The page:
Student Guest Blog - Niyati with Engineering Brightness!

April 29, 2020

In part two of our Engineering Brightness student blog serie, Niyati shares her experience with obtaining a patent for one of the club's lantern designs! Working closely with experts at Otter Products employees, students and Otters worked through the Design Thinking Process to develop a prototype for a lantern design based on feedback from families in countries around the world. Check out Niyati's awesome testimonial!

Hi, my name is Niyati and I am an 8th grader at Preston Middle School. I have been participating in Engineering Brightness (EB) for 2 years. I joined EB in 7th grade because my sister was participating in it and was having a lot of fun. I love meeting new people and learning new skills. I have never thought of soldering as something I might like until I tried it in EB.

When we went to OtterBox for a collaboration on a new model for an EB lantern we learned new things and had lots of fun with the engineers. We discussed the pros and cons of our current lantern model and identified the specific issues we wanted to improve upon. For example, the people who used the lanterns rode bikes as a mode of travel. To adapt to this, the lantern was designed to have a handle that could attach to a bike. During the day all the team members created their own individual prototype of Lantern V.2. After everyone presented their ideas, the highlights of each model were considered for the final lantern version. After sharing many ideas and pizza, we came up with the Engineering Brightness Lantern V.2 All the students got to tour the OtterBox offices and got an insight into what an engineering career can look like.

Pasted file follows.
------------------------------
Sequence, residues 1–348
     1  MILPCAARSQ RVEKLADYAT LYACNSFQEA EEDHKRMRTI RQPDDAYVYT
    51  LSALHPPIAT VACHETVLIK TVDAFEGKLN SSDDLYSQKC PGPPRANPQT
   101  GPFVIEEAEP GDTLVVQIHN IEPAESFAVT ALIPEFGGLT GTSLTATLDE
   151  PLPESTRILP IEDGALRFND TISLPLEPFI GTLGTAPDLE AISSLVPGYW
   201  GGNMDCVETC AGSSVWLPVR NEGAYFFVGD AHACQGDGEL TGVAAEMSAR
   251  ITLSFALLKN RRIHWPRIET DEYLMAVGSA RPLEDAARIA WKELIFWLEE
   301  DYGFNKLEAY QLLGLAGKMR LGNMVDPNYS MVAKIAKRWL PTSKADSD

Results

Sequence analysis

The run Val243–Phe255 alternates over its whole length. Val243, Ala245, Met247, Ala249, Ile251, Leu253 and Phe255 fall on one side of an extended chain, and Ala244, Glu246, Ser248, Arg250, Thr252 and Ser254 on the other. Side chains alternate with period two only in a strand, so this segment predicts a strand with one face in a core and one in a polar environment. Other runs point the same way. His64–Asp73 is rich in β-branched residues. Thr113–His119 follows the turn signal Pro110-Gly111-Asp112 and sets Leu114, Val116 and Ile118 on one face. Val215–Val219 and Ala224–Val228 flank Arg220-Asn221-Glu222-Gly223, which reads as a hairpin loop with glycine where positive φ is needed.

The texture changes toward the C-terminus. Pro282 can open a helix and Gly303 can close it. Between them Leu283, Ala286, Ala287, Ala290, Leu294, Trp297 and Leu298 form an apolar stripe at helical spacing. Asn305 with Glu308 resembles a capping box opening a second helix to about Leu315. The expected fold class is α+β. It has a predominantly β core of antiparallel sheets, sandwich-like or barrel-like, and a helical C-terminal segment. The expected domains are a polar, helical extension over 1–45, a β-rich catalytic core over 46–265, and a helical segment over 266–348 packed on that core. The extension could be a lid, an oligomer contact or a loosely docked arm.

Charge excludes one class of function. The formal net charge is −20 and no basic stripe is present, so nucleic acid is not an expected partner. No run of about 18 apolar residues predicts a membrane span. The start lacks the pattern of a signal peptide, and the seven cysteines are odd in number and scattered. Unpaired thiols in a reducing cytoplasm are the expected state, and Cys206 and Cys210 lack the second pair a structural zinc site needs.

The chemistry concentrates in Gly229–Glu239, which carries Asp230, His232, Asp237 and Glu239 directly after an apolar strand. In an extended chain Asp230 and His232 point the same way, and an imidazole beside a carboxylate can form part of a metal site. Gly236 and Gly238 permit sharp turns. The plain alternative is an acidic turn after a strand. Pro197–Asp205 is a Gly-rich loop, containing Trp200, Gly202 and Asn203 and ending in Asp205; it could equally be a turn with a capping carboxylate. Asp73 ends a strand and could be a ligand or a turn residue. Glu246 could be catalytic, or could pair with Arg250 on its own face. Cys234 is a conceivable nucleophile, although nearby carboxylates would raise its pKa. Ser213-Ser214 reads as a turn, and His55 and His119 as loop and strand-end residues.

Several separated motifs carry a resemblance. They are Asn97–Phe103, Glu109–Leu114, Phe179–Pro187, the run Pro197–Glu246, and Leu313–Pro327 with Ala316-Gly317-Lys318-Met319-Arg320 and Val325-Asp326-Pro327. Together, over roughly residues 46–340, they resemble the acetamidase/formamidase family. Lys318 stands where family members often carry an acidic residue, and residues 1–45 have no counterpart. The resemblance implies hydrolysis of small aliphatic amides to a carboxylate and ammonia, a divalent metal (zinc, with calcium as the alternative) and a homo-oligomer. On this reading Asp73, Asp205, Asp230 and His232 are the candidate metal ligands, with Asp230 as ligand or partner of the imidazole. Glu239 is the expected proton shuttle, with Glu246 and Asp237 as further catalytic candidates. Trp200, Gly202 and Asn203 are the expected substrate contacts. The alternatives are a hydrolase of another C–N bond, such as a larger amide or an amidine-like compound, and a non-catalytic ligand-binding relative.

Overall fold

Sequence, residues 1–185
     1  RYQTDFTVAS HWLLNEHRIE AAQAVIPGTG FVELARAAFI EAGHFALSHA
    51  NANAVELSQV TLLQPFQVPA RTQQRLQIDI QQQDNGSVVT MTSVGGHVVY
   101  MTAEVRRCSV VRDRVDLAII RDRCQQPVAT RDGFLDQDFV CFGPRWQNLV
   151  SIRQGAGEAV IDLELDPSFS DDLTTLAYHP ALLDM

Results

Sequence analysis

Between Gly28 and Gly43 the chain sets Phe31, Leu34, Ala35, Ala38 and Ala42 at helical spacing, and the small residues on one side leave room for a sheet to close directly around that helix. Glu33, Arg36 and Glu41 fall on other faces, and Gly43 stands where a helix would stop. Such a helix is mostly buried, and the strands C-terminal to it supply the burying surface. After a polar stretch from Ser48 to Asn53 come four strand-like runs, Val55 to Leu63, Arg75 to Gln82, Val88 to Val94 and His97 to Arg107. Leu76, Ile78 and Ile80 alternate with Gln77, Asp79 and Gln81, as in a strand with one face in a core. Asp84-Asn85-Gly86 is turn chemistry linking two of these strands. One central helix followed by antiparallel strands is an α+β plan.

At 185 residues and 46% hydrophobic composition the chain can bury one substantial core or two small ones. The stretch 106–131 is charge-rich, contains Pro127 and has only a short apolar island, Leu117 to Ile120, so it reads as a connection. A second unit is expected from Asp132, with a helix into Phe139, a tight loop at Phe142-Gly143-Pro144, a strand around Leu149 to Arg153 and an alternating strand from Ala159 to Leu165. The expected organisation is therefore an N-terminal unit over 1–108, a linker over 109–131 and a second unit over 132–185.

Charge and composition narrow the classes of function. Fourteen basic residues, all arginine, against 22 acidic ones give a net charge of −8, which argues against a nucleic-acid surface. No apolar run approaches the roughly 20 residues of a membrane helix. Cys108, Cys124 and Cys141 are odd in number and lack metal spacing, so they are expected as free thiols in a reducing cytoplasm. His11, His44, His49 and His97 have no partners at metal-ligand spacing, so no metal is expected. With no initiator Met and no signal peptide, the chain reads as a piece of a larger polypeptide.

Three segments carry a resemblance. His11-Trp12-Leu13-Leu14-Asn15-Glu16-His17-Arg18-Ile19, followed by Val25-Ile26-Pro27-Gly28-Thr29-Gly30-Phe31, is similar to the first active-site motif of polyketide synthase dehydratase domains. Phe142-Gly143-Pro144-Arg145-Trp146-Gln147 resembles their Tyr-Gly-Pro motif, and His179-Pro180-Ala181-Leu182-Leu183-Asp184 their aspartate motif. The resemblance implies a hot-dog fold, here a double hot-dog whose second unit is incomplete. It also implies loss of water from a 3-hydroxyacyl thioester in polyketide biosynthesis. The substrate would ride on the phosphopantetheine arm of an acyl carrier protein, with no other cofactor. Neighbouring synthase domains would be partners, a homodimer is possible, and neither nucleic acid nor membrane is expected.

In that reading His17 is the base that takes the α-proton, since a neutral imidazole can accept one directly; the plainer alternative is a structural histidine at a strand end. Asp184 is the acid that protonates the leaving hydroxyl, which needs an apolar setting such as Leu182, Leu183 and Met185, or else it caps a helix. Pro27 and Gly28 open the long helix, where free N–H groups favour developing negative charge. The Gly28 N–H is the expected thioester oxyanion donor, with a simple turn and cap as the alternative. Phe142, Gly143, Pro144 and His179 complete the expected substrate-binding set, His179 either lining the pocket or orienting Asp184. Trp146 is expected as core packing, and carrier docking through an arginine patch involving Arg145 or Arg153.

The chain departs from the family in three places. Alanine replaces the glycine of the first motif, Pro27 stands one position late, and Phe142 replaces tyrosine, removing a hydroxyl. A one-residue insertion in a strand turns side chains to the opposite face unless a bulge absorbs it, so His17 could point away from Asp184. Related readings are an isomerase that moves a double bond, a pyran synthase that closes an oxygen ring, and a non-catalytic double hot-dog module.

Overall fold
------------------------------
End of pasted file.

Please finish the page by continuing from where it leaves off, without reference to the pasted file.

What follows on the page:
Having a patent on our EB lantern is a very proud accomplishment. It allows EB to expand and make a bigger impact on eliminating the world’s light poverty. I have never dreamt of having my name on a patent and it is something I will remember forever. Engineering Brightness has been an inspiring experience I hope to continue in future years.